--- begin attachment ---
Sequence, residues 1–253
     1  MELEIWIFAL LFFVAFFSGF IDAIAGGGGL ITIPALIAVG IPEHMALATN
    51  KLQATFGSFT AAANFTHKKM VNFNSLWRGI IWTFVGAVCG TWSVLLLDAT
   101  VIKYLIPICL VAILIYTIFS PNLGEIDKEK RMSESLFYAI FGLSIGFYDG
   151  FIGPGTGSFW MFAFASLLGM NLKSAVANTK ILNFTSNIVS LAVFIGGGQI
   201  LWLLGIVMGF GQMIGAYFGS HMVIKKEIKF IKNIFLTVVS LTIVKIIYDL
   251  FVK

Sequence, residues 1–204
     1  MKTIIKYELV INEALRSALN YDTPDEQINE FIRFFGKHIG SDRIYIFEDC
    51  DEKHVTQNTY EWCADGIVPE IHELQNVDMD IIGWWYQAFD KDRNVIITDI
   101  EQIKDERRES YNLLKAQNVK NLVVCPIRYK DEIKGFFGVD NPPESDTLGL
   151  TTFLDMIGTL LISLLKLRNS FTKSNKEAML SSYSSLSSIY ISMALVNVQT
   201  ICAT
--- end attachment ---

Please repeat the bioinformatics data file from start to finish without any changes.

Sequence, residues 1–253
     1  MELEIWIFAL LFFVAFFSGF IDAIAGGGGL ITIPALIAVG IPEHMALATN
    51  KLQATFGSFT AAANFTHKKM VNFNSLWRGI IWTFVGAVCG TWSVLLLDAT
   101  VIKYLIPICL VAILIYTIFS PNLGEIDKEK RMSESLFYAI FGLSIGFYDG
   151  FIGPGTGSFW MFAFASLLGM NLKSAVANTK ILNFTSNIVS LAVFIGGGQI
   201  LWLLGIVMGF GQMIGAYFGS HMVIKKEIKF IKNIFLTVVS LTIVKIIYDL
   251  FVK

Sequence, residues 1–204
     1  MKTIIKYELV INEALRSALN YDTPDEQINE FIRFFGKHIG SDRIYIFEDC
    51  DEKHVTQNTY EWCADGIVPE IHELQNVDMD IIGWWYQAFD KDRNVIITDI
   101  EQIKDERRES YNLLKAQNVK NLVVCPIRYK DEIKGFFGVD NPPESDTLGL
   151  TTFLDMIGTL LISLLKLRNS FTKSNKEAML SSYSSLSSIY ISMALVNVQT
   201  ICAT